Heatstroke can be extremely damaging to you health. While there are first aid measures that can be taken, heatstroke is a medical emergency. Time is crucial and help should be summoned immediately.
Don?t we just love those long, hot summer days in the sun? Keep in mind, however, that the high temperatures and excessive humidity can pose dangers. One of the dangers to be aware of is that of heatstroke. Heatstroke occurs as a result long, extreme exposure to the sun. When a person does not sweat enough to lower body temperature core temperature rises quickly and heatstroke occurs.
The first aid tips in this article in no way precludes immediate medical attention. Heatstroke can be extremely damaging to you health. It progresses very quickly and is life threatening. While there are first aid measures that can be taken, heatstroke is a medical emergency. Time is crucial and help should be summoned immediately.
Infants and the elderly are among the group at high risk for heatstroke. Also vulnerable are the obese, alcoholics, persons taking certain medications, or those with cardiovascular disease.
Another group that may be at risk is the summer athlete. As with any prolonged physical activity, summer sports can be potentially dangerous. An excellent source of information on heat stroke and how it relates to summer sports can be found at the Gatorade Sports Science Institute online. At
www.gssiweb.com/reflib/refs/597/SSE86.cfm?pid=96 there is an comprehensive article about prevention and treatment of heatstoke in summer sports.
Some risk factors for heat stroke include dehydration. alcohol use, cardiovascular disease, and medications.
The important thing to remember is that when high temperatures and humidity are present conditions are right for heat stroke. There are some preventive measures you should take if you are going to be in the heat for extensive hours. This is especially necessary if you are planning prolonged physical activity.
Have plenty of water and/or sports drinks on hand to prevent dehydration. Wear clothing that allows you to sweat and will prevent overheating. Heat stroke results from the body?s inability to sweat and keep itself cool. Take breaks and sit in a shaded area to cool down.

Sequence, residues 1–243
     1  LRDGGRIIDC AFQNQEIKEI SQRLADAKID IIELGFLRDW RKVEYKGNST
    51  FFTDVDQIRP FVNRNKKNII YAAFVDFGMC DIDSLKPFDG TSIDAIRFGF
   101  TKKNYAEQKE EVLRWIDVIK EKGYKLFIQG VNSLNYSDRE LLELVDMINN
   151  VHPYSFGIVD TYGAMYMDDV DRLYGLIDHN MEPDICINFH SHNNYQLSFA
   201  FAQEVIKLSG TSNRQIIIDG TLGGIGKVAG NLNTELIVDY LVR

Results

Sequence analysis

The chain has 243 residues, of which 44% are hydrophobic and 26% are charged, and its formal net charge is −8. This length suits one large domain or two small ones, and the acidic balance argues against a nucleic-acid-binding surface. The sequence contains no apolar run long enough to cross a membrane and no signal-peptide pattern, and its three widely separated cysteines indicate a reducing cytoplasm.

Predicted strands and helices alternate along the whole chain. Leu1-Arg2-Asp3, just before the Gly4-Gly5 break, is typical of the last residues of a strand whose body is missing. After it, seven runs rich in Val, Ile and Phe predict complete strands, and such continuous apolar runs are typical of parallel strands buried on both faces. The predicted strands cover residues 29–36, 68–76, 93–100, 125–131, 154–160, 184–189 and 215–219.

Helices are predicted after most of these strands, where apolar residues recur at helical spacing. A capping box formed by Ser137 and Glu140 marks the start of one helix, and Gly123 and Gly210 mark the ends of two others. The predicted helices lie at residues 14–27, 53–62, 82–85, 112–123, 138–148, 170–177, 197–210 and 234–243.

Some early warning signs of heatstroke may include a rapid rise in body temperature (104? F or higher), irritability, confusion, dizziness, nausea, fatigue, hot, dry red skin, hallucinations, and rapid heart beat. There may even be be loss of consciousness.
If you suspect someone has heat stroke take action quickly. Have someone call 911 for help. Get the person out of the sun into a shaded or air-conditioned area.
If possible immerse the person in a tub of ice water, or spray them with a garden hose. If nothing else wrap them in cool sheets. Whatever means you have, the objective is to cool them down as quickly as possibly. Monitor them closely. Cool the person until their body temperature drops to 101-102?F.
Move quickly, if not treated, heat stroke can be fatal in with-in the hour. If medical assistance does not arrive after you have cooled them down, call a hospital emergency room for further advice.
In conclusion, when enjoying the intense heat and humidity of summer remember to wear lightweight, breatheable clothing. Keep plenty of water and sports drinks on hand. Schedule heavy physical activity for cooler hours of the day. Acclimate yourself to the sun and heat by spending short times in the sun at first. With these few steps in mind may you all have a wonderful summer whenever it comes to your part of the globe.